This morning I was reading an article titled “How to make math a key part of your ELL curriculum.” In the article the author writes,
It also helps that numbers are numbers, and working with them is natural to speakers of any language.
It is a common assumption that math will be easier for English language learners. It’s just numbers, right?
While it seems on the surface that math would be transferable between languages because of numbers, it is actually a lot more complicated than that.
In this post, I will discuss some of the research that addresses the issue of language and math.
How Languages Treat Numbers
Numbers do not naturally transfer between languages. The way a learner treats numbers, and subsequently math, can be influenced by their language.
Mark and Dowker (2015) studied how learning math in Chinese or English affected Hong Kong students who spoke Chinese at home. Those that learned math in Chinese demonstrated more ability at manipulating numbers on a number line than those who learned in English.
A possible reason for this is that numbers in English follow an irregular system, whereas numbers in Chinese follow a regular system based on a base of ten.
In another example of language and numbers, Yushau (2009) discusses how Arabic treats numbers differently than English and how this difference can cause problems for Arabic speakers when studying math in English:
“In Arabic units are mentioned first then the tenth (like 45 is called Khamsa wa Arbaeen, literally translated as five and forty). The conflict is that many times they write 54 while they meant 45…Similarly, many times one comes across students writing 13.6 in place of 1306, or 250 in place of 255. As the (.) in Arabic means zero, and (0) means five in Arabic.”
As Yushau points out, speakers of Arabic encounter two problems with English and math. First, simply reading multi-digit numbers presents difficulty because of the norm in their language of reading right to left. Second and perhaps more troublesome for learners, numbers are not just numbers as most assume. Zero is not 0, it is (.). Five is not 5, it is 0.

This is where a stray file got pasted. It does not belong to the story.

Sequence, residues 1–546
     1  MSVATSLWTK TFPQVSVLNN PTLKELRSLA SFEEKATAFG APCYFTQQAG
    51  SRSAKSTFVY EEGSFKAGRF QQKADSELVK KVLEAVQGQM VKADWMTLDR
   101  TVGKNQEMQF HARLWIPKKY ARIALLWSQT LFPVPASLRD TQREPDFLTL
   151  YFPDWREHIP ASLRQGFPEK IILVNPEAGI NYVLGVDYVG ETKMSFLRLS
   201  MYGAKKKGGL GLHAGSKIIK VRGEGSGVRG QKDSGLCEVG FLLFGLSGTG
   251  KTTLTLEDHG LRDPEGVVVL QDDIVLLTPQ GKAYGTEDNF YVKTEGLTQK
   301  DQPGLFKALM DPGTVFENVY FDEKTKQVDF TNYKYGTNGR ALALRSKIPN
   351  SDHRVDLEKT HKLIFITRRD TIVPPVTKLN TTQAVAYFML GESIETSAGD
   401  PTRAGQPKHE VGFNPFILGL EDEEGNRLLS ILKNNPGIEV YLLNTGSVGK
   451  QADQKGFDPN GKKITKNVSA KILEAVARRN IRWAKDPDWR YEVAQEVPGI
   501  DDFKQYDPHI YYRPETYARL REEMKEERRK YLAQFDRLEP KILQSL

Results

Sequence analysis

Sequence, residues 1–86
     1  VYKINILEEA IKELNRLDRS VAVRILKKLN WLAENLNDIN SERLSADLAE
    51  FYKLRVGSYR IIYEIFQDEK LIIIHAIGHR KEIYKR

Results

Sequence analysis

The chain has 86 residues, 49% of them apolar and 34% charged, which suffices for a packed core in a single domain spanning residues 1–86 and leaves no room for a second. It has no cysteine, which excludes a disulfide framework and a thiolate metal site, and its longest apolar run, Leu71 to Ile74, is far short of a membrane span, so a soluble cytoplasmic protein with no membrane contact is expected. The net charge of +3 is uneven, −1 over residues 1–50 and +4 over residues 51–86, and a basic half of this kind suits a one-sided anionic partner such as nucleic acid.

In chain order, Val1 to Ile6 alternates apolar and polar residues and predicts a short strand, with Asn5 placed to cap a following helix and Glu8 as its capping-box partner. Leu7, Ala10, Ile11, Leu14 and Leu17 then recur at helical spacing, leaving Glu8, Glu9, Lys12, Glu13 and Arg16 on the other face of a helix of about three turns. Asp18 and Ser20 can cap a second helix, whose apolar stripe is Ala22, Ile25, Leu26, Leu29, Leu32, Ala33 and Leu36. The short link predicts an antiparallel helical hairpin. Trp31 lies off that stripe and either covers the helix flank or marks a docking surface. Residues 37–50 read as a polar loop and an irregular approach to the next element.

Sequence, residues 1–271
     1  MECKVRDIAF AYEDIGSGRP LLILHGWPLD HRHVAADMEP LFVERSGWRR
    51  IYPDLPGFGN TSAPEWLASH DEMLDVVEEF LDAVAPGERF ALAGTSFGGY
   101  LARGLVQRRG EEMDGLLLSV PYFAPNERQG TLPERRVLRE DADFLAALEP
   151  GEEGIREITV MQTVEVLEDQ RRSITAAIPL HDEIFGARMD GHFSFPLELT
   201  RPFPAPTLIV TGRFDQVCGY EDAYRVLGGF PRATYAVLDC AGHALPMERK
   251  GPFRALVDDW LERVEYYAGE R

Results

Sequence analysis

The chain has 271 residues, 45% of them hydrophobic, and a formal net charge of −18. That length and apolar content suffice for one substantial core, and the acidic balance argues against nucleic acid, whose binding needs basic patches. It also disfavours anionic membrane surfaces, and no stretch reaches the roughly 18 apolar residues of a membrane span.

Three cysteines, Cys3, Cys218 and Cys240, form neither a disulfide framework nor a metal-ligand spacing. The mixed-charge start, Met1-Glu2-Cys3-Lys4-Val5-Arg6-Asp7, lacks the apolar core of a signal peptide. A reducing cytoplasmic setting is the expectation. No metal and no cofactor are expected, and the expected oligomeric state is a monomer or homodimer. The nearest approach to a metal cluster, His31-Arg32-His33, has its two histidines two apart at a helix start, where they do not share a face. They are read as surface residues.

If you were teaching math to Arabic speakers, this would be critical information to know. Without knowing this, you may think your students were having math problems when really the problem is language.
Math, Language, and the Brain
So we have established that numbers ARE NOT just numbers.
But what about math? Is math just math?
Not according to a new study by researchers at the University of Luxembourg.
The researchers scanned the brains of twenty bilingual adults (L1 German / L2 French) while doing both simple and complex math problems.
Turns out math IS NOT just math. The parts of the brain that lit up and the degree of activity varied depending on which language was being used. In other words, the participants’ brains worked differently depending on which language they were doing math in.
The researchers conclude:
Our results thus highlight that highly proficient
bilinguals rely on differential activation patterns to solve simple and complex additions in each of their
languages, suggesting different solving procedures.
This study shows that math is not independent from language. The language one uses is tied to how the brain works, and subsequently, how math is done.
The common misconception that math can be an easier subject for language learners does not seem to be supported by the research. The idea is an oversimplification and a dangerous one for educators.
If educators continue to believe that language has little influence over math, they may misdiagnose the struggles of their students which could lead to student frustration and eventually disengagement.
It is important that we realize the potential barriers to learning math in another language so as to be more empathetic when our learners are struggling and be able to address not just math misconceptions but language ones as well.
How can this research help you in your classroom? Let me know in the comments.